Thursday, 2 October 2014

New Drugs, Old Problems

This is my first day on my increased medication for PBA. When I started the Venlafaxine last February, it had an impact almost immediately. Within a day or two the panic attacks and unexplained tears stopped completely. It seemed almost miraculous to me that something so emotionally debilitating could be resolved so simply. Here I go again.

Of course there are other issues to be dealt wit here. For example I think I still owe apologies to a few people. I am also not sure how long it will take for the higher dose to have an impact. I am already on this drug and clearly my body is building up a resistance to it; I am told this happens with most anti-depressants. In addition, while this dose is double what I was on before, it is only the normal dosage; I was taking a half dose prior to this. So I suspect it will take a bit longer to have an effect on me. Until then, I am going to continue with a reduced social schedule, at least until I feel like I have a better sense of control over my emotions.

The final part of this new regime is alcohol. I've noticed a substantial increase in my drinking over the last few months. I am now convinced that a large part of this is simple self-medication. The sad thing is that alcohol depresses your body's systems, counteracting the beneficial effects of the medication. When I started this regime back in February, I was asked to keep it to a couple of drinks a night; there is a known interaction with Venlafaxine and alcohol. I did, for a bit. Once I found no ill effects, I moved up the scale to three. Then, a few months back, it started to get worse and worse.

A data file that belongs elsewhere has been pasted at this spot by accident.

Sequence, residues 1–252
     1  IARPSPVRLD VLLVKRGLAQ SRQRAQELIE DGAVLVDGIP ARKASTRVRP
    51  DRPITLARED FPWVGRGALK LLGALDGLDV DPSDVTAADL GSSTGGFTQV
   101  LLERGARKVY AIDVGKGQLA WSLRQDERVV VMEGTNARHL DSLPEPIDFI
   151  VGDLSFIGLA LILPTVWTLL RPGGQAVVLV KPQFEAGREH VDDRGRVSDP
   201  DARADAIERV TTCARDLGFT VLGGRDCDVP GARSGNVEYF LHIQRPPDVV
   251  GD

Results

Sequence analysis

So now I am going back to healthy living, or at least as healthy as I can. I will once again reduce my beer consumption when I go out, and my wine consumption at home. I will do as the doctors say and keep it to one or two in the evenings until we see what happens. After that, I may go back up to three in an evening. Beyond that, it is pretty clear that there is danger there.

It seems almost unfair. I have a disease that will kill me soon enough, yet the drugs I take to control the wicked side effects of this disease force me to live a healthy life. I don't want to live a healthy life; it is much more fun to be naughty, an all round bad boy. I want to ride a motorcycle, wear a leather jacket, get into fights, drink too much, have lots of women... wait, I couldn't do that even when I didn't have ALS.

Perhaps what I really want is to get rid of this stupid emotional lability, and to feel safe again. It would seem to be the best thing to do, at least for now.

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